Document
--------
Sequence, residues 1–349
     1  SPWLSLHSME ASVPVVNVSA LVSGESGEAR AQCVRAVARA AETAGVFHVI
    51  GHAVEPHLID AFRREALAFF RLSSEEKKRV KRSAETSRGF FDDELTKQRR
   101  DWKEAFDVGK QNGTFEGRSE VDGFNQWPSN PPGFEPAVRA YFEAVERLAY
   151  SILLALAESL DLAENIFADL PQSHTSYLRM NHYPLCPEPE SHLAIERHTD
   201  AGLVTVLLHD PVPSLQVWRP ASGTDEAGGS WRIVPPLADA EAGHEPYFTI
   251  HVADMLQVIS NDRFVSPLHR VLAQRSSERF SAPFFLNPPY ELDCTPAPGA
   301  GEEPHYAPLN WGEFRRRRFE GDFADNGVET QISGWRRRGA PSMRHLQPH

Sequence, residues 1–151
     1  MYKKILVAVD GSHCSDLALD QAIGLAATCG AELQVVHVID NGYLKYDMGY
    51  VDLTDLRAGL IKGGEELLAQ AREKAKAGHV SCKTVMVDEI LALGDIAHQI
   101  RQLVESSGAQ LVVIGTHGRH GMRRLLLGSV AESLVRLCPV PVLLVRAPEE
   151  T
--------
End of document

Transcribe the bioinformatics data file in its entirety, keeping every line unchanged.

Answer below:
Sequence, residues 1–349
     1  SPWLSLHSME ASVPVVNVSA LVSGESGEAR AQCVRAVARA AETAGVFHVI
    51  GHAVEPHLID AFRREALAFF RLSSEEKKRV KRSAETSRGF FDDELTKQRR
   101  DWKEAFDVGK QNGTFEGRSE VDGFNQWPSN PPGFEPAVRA YFEAVERLAY
   151  SILLALAESL DLAENIFADL PQSHTSYLRM NHYPLCPEPE SHLAIERHTD
   201  AGLVTVLLHD PVPSLQVWRP ASGTDEAGGS WRIVPPLADA EAGHEPYFTI
   251  HVADMLQVIS NDRFVSPLHR VLAQRSSERF SAPFFLNPPY ELDCTPAPGA
   301  GEEPHYAPLN WGEFRRRRFE GDFADNGVET QISGWRRRGA PSMRHLQPH

Sequence, residues 1–151
     1  MYKKILVAVD GSHCSDLALD QAIGLAATCG AELQVVHVID NGYLKYDMGY
    51  VDLTDLRAGL IKGGEELLAQ AREKAKAGHV SCKTVMVDEI LALGDIAHQI
   101  RQLVESSGAQ LVVIGTHGRH GMRRLLLGSV AESLVRLCPV PVLLVRAPEE
   151  T